Here’s the backstory: back in 2013, Illinois lawmakers approved a bill curtailing at least some of the more generous aspects of Illinois pensions; now, as expected, the Illinois Supreme Court has ruled that, based on a provision in the 1970 Illinois state constitution, the law is unconstitutional and the state must never, for an employee’s entire working lifetime, reduce pension accruals or ancillary benefits. Reuters has a quick summary of the issue, and here’s a more in-depth article at the Chicago Tribune.
The original reform, by the way, was comparatively modest:
At issue was a December 2013 state law signed by then-Democratic Gov. Pat Quinn that stopped automatic, compounded yearly cost-of-living increases for retirees, extended retirement ages for current state workers and limited the amount of salary used to calculate pension benefits.
though, in another way, it went too far: in the private sector, pension benefits, including ancillary benefits (e.g., COLAs and generous early retirement provisions), based on past service, are guaranteed by law, that is, an employer may not legally eliminate these benefits. Any instance that you ever read about is always a matter of future accruals (and, typically, even though it’s not legally required, and employers ending a defined benefit pension in favor of enhanced 401k benefits have allowed employees above a certain age to retain the old formula because of the imbalance between 401ks and DB plans at older ages). When an employer removes early retirement subsidies, for instance, a person’s benefit at retirement is calculated in two pieces, the first half with and the second half without the subsidy.
So my first irritant is that the reporting fails to recognize this distinction; for instance:
A coalition of unions that represent government workers and retirees applauded the ruling as protecting “the hard-earned life savings of teachers, police, firefighters, nurses, caregivers and other public service workers and retirees.”
Past accruals should always, and are always, protected. It was clearly a bad move on the part of Illinois lawmakers to refuse to fund them, but they need to be paid one way or the other. At the same time, of course, these benefits are far more generous than private sector benefits (no, I’m not going to dig out the details now, and yes, I understand that state workers don’t get Social Security, but even taking this into account the benefits are overly-generous, making it all the more difficult to fund them in the first place).
Future accruals? That’s where Illinois is hemmed in by the union-protecting 1970 state constitution authors. But let’s get this straight: there is nothing wrong with removing, or changing, future pension accruals. That’s what’s implicit in the very label of “future accruals” — they haven’t happened yet, they have not in any way been earned. There is no general right to such a benefit, only a provision written into law.What’s the way forward?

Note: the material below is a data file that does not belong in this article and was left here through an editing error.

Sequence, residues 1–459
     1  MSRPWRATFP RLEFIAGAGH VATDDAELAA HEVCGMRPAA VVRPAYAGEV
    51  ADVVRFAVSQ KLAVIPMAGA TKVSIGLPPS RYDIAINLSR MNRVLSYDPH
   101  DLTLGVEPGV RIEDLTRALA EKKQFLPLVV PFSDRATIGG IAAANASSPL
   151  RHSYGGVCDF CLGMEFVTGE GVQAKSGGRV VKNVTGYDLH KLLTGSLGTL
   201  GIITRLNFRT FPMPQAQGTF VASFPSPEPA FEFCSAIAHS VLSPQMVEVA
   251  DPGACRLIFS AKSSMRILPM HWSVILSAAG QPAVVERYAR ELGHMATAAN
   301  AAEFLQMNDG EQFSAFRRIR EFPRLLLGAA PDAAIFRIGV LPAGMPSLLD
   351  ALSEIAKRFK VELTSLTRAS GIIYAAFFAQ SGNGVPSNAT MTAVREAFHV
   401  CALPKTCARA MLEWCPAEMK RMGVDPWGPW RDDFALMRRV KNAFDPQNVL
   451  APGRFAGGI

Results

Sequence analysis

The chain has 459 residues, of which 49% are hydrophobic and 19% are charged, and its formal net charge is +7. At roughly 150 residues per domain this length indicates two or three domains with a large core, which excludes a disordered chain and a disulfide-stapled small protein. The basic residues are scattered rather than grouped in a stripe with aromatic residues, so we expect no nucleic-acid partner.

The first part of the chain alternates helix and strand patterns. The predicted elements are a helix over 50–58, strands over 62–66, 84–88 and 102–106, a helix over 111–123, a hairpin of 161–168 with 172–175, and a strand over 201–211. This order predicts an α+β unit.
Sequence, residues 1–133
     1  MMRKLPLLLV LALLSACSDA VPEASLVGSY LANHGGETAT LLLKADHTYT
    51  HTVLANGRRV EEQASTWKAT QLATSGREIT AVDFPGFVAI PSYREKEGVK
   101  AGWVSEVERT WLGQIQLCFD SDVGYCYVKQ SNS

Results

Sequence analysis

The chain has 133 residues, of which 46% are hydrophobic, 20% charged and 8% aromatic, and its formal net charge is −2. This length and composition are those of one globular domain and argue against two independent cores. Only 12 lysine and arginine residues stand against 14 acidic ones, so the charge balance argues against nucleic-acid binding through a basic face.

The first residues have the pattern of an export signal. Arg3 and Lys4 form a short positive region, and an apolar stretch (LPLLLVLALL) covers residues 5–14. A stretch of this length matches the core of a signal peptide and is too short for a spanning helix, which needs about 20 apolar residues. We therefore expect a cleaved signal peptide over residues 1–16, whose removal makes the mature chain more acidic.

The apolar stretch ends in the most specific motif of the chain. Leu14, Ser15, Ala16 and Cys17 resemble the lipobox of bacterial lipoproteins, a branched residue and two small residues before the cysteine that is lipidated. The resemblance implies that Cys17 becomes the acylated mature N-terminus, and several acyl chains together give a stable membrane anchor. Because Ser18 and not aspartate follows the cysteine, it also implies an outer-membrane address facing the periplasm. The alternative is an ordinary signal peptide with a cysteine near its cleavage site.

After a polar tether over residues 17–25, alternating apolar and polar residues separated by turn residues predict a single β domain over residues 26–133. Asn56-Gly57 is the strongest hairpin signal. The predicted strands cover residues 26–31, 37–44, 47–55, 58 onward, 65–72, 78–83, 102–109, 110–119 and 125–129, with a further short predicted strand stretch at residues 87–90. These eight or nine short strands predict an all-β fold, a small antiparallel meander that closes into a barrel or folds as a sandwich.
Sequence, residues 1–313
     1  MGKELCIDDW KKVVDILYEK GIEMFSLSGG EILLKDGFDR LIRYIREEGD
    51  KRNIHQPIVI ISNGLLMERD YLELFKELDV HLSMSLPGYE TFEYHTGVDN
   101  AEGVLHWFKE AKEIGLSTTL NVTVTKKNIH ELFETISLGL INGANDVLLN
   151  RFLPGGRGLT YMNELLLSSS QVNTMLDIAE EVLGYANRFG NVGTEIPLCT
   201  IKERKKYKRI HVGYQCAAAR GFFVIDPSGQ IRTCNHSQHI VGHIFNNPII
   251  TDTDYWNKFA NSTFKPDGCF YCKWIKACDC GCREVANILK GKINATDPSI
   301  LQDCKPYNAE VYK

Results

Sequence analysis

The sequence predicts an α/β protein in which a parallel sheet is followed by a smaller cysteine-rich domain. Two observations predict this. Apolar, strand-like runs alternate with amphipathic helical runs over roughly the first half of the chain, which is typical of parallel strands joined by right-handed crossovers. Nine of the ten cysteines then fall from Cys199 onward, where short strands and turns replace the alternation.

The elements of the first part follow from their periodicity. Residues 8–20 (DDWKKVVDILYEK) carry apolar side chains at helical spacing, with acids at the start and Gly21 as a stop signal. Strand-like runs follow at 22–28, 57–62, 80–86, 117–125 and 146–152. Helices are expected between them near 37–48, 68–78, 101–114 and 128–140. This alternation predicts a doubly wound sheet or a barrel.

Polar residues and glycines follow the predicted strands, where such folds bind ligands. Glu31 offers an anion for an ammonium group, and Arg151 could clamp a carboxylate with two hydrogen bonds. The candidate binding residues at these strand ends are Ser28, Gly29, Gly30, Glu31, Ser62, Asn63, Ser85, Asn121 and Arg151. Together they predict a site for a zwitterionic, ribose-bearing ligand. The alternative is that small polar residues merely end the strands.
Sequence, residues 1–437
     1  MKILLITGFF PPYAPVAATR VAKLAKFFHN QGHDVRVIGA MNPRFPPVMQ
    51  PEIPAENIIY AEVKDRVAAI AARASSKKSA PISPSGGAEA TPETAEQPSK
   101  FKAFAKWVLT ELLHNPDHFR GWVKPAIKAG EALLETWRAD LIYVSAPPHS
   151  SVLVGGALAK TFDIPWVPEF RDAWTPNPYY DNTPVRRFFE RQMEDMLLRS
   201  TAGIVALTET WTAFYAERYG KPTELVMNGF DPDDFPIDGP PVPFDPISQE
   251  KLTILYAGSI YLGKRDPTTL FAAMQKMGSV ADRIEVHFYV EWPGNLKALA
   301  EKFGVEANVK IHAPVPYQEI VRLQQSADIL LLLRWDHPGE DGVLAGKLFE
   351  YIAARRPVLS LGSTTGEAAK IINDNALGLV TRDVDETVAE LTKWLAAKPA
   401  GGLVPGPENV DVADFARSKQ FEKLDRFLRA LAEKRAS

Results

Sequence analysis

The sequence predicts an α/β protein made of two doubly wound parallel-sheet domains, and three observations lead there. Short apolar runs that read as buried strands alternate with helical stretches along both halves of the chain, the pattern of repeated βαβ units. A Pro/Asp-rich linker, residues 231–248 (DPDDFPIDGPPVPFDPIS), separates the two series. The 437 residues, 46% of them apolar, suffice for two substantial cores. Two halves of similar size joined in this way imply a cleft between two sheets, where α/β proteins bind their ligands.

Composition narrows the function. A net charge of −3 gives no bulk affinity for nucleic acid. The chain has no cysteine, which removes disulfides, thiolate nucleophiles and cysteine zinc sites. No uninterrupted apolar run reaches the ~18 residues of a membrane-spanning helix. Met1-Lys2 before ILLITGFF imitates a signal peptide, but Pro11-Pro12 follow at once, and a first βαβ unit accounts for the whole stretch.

This is the discouraging part. Rauner’s plan is a constitutional amendment to, basically, repeal the provision that’s tying the states hands, and instead move the state onto the same legal footing as any private sector employer, protecting past accruals but not future accruals. Which is the right thing to do. Heck, I even said so back in 2013, before anyone was talking about this, in one of my very first blog posts. Now, Rauner and I differ in next steps: he wants to simply reduce the benefit formula going forward; I’d move to an entirely different system, something more like the “multi-employer” system or the “Collective DC” systems in The Netherlands, in which the state is responsible for paying an agreed-upon annual contribution up front, like a 401k plan, but the union (because almost all state employees are unionized, if I’m not mistaken, even at management levels that ordinarily wouldn’t be even in private sector unionized industries) would be responsible for managing the plan and paying out benefits. Such a system is, really, the only fair and honest-government way to run a state pension system, since it means that lawmakers (and taxpayers) pay for the benefits when they’re earned, and have no means to cheat the system and postpone the bill-paying ’til they’re out of office.
So what’s discouraging? The fact that, when it comes down to it, I fully expect that the Democratic legislature, which must by a super-majority agree to put this on the ballot (the alternative is a signature-gathering process which crooked pols are pretty adept at squashing), will come up with one reason after the next why they can’t, rather than stand up to the unions who are sitting pretty right now, using this same “unjust stealing of life savings” rhetoric as the Trib quoted above.
This is now, of course, old news (the ruling came on Friday) and I should have written about it earlier, since I am, of course, Jane the Actuary, but to read the reports and know that nothing is going to happen, that the Democrats’ first choice is to raise taxes and, failing that, they’d rather the ax fall on the poor and disabled than on union employees or construction contractors (and don’t get me started on the endless supply of tax breaks for corporations and funding for major building projects) — well, I can’t seem to muster up the fury that inspires a really good blog post, because, so far as I can tell, the only way Illinoisians are going to get good government is by moving.